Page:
Through shared experiences and common interest, an unlikely friendship was formed between big wave surfer and marine activist, Frank Solomon from Cape Town, and two street surfers, Thabo Mouti and Mokete Mokete, who live on the streets of Johannesburg
For anyone who has cruised the streets of Johannesburg, the sight of the city’s ‘street surfers’ is as much a part of the landscape as is that of the high-rise metropolitan skyline.
Framed in tattered clothing and makeshift outfits, street surfers negotiate the city on flatbed trolleys as they haul large silo bags stuffed full of recyclable materials to make an honest living.
Choosing to collect and sell waste over a life of begging, crime and unemployment, Thabo and Mokete can be seen surfing their way down the city roads, between cars, pedestrians and pavements, as they take their goods to various dumps around the city in exchange for cash.
For Thabo and Mokete, like many others, becoming a street surfer was a decision born of necessity. With cold nights spent sleeping on the streets and exhausting long-distance walks across the city each day, it’s easy to understand why this work would be a last resort.
Humbly saving our planet
Rather than being seen as a nuisance, street surfers should be celebrated for their tenacity and opportunism in the face of a harsh reality and admired for their contribution to society both environmentally and economically. While we face a global climate crisis, only 10% of South Africa’s waste ends up being recycled.
“These guys do an incredible job for the environment, yet they live without access to running water and electricity, things we take for granted every day. They’re up from three in the morning and graft all the way through to the late afternoon, it’s unreal. To earn just R300, they need to collect 100kg of plastic. If you do the math on how many bins they’d have to sift through to reach that target, it’ll blow your mind. You know, at the very least the government and people, in general, should just respect these guys, it’ll go a long way,” says Frank.
Safeguarding the oceans
Unbeknownst to the street surfers, they also safeguard the ocean, preventing tonnes of plastic from entering the marine environment, something that cannot be overlooked in our quest to end plastic pollution.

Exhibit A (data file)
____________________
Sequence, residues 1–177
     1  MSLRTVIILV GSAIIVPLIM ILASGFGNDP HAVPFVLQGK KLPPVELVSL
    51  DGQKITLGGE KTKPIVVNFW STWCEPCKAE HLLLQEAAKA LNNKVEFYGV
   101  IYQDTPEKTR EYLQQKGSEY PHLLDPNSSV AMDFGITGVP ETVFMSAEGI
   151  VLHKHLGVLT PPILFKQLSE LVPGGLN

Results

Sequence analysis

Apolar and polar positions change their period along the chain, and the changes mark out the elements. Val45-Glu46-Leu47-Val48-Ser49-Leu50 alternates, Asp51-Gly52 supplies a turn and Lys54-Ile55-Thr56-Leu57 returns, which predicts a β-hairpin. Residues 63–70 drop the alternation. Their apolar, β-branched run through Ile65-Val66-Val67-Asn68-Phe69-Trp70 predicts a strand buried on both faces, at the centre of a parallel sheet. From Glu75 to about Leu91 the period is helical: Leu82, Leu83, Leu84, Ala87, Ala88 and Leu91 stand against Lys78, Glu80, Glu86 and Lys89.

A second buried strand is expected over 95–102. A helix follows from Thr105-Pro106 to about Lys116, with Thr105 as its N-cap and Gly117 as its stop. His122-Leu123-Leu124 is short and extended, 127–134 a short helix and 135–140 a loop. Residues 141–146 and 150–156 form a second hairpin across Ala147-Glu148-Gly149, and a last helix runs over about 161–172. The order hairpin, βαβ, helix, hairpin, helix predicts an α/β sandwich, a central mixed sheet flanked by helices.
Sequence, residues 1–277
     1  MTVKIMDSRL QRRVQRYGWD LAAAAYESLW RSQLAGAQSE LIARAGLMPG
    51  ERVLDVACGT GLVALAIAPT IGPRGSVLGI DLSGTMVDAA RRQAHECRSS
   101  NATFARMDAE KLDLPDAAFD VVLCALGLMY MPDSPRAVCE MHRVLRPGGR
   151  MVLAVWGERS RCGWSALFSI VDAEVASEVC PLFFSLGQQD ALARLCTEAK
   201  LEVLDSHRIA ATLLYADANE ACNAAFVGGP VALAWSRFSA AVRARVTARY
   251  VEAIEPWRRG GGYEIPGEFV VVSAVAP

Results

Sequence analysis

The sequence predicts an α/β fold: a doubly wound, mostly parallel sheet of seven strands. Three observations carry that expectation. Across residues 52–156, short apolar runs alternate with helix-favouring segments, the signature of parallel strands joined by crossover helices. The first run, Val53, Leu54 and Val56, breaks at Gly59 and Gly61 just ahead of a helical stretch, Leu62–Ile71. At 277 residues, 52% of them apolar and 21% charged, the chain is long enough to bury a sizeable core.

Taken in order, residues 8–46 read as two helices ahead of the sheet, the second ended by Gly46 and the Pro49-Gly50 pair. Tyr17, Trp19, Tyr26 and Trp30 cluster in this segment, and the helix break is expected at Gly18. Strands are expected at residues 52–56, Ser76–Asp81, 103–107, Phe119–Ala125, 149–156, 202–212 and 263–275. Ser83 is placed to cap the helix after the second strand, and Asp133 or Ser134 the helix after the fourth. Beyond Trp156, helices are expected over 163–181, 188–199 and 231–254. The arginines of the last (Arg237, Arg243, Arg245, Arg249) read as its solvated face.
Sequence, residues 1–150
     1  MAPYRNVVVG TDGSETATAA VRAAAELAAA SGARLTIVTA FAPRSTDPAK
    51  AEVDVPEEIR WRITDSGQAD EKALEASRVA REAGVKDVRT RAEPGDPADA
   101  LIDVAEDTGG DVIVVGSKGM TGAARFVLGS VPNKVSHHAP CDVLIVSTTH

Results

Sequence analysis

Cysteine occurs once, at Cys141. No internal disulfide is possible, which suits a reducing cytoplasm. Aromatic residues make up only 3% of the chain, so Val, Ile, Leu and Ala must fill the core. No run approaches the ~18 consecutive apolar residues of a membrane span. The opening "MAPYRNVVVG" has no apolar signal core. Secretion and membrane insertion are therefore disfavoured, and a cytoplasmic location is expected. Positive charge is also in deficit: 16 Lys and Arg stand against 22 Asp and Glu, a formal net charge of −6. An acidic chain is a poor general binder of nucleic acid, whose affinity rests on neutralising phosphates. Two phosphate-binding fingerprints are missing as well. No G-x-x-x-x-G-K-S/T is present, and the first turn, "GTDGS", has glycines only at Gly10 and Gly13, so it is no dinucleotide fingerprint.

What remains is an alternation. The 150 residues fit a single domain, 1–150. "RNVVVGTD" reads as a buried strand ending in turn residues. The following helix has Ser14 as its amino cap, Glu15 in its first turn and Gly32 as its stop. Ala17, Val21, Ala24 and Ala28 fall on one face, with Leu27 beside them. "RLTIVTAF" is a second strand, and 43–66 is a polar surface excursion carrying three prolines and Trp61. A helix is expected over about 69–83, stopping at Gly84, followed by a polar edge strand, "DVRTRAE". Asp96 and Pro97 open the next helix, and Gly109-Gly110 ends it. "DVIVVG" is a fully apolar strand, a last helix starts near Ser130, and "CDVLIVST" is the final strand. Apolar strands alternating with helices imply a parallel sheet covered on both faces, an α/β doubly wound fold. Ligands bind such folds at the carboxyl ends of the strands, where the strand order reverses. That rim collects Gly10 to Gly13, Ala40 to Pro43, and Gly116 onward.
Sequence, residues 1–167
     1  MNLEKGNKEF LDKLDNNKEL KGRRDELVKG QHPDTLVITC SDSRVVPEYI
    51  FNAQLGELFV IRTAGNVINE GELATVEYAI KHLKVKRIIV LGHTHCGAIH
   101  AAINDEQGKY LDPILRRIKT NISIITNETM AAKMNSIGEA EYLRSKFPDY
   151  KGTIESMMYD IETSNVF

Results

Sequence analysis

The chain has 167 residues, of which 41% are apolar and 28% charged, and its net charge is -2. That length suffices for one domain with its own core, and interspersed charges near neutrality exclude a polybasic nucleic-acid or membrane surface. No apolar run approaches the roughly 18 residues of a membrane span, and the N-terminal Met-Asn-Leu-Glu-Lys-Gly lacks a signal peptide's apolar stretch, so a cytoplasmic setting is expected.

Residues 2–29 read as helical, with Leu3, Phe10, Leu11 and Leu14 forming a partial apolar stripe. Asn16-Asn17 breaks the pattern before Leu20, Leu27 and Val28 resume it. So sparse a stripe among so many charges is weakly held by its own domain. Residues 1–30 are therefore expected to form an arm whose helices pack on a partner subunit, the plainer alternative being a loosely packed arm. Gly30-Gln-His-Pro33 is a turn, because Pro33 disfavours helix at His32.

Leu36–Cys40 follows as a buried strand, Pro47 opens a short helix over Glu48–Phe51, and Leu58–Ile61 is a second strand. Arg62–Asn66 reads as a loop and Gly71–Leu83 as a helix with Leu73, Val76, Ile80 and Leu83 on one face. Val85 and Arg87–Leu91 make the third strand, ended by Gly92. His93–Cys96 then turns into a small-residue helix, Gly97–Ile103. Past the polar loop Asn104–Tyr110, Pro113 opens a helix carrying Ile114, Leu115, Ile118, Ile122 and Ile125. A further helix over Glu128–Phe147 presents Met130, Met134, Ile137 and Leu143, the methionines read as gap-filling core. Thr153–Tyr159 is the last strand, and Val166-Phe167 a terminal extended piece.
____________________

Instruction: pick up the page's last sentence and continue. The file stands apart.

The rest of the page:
“When you see street surfers digging through the trash, separating recyclable materials, let it serve as a reminder of how far we have to go, it’s a brutal job, but these guys are willing to do it. The unbelievable reality is, even in the face of such overwhelming adversity and abject poverty, you’ll never see these men not donning a genuine smile,” says Frank
Crowdfunding on BackaBuddy
To give back to Thabo and Mokete for their humble service to our planet and to positively impact their lives, Frank has created a campaign on donations based crowdfunding platform, BackaBuddy, to appeal to South Africans to support these men as we lead up to the festive season.
“I hope with our BackaBuddy campaign, we can raise enough funds to transform Thabo and Mokete’s lives so they can be seen as role models in their community. When I met them, I asked how I could assist them, their response was heartbreakingly simple, they need help with ‘life’, they said. With support, I hope to provide them with food, clothes and other living expenses for as long as possible” – says Frank
Donations to the ‘Street Surfers’ campaign on BackaBuddy will be used to provide Thabo and Mokete with a “surfer’s pack” that will include:
- Two pairs of comfortable, hardcore boots.
- Clothing for the elements (a few pairs of overalls, wet weather gear and jackets)
- Two pairs of gloves
- Monthly food vouchers
Funds raised will be transferred to and managed by non-profit organisation, The Sentinel Ocean Alliance, to purchase the “surfer’s pack”, as the two men don’t have bank accounts.
Street Surfers documentary:
In Kruger National Park